How does Labrador Sea Water enter the deep western boundary current?
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Labrador Sea Water (LSW), a dense water mass formed by convection in the subpolar North Atlantic, is an important constituent of the meridional overturning circulation. Understanding how the water mass enters the deep western boundary current (DWBC), one of the primary pathways by which it exits the subpolar gyre, can shed light on the continuity between climate conditions in the formation region and their downstream signal. Using the trajectories of (profiling) autonomous Lagrangian circulation explorer [(P)ALACE] floats, operating between 1996 and 2002, three processes are evaluated for their role in the entry of Labrador Sea Water in the DWBC: 1) LSW is formed directly in the DWBC, 2) eddies flux LSW laterally from the interior Labrador Sea to the DWBC, and 3) a horizontally divergent mean flow advects LSW from the interior to the DWBC. A comparison of the heat flux associated with each of these three mechanisms suggests that all three contribute to the transformation of the boundary current as it transits the Labrador Sea. The formation of LSW directly in the DWBC and the eddy heat flux between the interior Labrador Sea and the DWBC may play leading roles in setting the interannual variability of the exported water mass.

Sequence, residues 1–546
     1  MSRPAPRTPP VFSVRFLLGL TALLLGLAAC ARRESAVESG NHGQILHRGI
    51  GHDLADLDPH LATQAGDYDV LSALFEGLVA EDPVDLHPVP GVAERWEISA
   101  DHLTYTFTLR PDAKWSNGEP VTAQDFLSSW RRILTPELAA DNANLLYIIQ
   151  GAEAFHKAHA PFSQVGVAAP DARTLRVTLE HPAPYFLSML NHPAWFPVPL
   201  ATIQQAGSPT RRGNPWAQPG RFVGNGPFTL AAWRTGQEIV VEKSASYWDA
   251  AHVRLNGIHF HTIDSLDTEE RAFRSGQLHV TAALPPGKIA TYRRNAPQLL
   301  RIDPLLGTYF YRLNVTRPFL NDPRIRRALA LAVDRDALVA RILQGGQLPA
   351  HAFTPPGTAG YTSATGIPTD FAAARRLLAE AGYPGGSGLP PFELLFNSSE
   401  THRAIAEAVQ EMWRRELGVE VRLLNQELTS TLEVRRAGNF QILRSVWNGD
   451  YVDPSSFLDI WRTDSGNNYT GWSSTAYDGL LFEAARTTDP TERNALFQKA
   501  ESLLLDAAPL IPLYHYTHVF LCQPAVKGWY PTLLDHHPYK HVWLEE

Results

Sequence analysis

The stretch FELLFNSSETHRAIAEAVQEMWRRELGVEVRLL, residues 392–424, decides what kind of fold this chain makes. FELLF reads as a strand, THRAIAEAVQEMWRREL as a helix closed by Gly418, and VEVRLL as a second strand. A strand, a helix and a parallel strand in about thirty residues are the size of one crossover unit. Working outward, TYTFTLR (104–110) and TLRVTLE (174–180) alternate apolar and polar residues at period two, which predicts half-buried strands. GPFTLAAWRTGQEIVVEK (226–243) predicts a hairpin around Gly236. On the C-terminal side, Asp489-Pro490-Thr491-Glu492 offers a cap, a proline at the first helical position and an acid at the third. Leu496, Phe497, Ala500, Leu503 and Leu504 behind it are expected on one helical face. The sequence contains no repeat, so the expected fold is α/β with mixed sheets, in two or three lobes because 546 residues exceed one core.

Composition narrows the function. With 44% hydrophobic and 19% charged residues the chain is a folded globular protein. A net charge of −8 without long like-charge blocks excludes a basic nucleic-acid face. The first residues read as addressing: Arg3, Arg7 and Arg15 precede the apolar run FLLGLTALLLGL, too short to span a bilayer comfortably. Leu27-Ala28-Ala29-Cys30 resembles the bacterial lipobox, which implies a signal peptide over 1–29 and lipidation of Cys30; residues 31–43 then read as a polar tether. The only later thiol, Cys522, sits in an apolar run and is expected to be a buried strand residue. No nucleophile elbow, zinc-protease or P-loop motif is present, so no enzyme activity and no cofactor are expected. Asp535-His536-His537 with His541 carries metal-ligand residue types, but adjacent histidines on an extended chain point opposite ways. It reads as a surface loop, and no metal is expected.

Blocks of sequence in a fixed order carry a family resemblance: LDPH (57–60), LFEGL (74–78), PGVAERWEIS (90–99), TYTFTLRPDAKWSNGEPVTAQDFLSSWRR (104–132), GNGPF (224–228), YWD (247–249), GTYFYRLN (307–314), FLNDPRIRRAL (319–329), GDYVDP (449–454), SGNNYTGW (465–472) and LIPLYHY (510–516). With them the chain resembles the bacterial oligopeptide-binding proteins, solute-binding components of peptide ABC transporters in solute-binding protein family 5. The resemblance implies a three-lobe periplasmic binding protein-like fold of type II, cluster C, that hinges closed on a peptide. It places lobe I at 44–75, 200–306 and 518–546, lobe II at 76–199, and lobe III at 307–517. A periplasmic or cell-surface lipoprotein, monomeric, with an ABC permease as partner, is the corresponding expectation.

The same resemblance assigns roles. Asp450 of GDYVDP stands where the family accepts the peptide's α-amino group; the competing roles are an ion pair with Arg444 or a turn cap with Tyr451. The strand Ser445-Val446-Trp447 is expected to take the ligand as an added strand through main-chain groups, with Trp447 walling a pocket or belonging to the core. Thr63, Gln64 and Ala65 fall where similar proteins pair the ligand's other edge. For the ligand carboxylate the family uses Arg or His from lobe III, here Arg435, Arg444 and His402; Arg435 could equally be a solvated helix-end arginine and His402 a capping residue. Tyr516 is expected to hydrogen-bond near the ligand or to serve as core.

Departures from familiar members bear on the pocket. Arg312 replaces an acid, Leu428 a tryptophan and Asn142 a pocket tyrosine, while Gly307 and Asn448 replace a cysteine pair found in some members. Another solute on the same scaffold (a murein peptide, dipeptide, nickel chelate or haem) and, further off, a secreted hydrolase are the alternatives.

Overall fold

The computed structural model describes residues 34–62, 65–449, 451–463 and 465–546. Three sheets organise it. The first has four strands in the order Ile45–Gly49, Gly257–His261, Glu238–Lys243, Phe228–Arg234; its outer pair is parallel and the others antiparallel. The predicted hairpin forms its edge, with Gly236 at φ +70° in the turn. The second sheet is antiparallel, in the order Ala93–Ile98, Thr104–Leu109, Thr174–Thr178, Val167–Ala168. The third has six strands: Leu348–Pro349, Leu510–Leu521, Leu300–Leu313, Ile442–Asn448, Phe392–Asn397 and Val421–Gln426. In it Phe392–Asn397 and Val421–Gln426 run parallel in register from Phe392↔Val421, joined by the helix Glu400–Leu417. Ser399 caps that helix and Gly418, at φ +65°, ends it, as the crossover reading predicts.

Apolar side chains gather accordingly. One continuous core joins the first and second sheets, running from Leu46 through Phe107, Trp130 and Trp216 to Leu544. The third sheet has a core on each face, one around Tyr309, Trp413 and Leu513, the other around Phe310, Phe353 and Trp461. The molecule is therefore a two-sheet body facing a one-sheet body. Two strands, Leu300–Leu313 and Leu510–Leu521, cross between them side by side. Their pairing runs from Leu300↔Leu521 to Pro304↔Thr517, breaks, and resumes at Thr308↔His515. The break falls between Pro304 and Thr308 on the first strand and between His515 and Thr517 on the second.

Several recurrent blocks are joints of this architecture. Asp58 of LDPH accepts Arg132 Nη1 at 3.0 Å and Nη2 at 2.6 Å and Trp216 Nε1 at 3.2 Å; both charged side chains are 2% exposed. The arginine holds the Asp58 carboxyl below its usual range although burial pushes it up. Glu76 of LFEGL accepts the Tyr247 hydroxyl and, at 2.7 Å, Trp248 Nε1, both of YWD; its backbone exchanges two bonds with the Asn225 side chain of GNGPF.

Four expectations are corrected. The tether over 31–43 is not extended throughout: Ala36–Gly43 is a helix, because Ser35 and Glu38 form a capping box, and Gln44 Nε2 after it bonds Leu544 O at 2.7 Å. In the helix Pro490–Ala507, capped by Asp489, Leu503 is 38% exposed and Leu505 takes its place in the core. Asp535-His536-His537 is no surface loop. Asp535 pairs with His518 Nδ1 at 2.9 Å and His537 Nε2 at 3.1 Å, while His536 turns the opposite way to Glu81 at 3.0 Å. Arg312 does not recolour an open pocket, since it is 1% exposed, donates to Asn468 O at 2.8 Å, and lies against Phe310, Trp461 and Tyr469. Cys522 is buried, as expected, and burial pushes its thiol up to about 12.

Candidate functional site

Author Posting. © American Meteorological Society, 2008. This article is posted here by permission of American Meteorological Society for personal use, not for redistribution. The definitive version was published in Journal of Physical Oceanography 38 (2008): 968-983, doi:10.1175/2007JPO3807.1.
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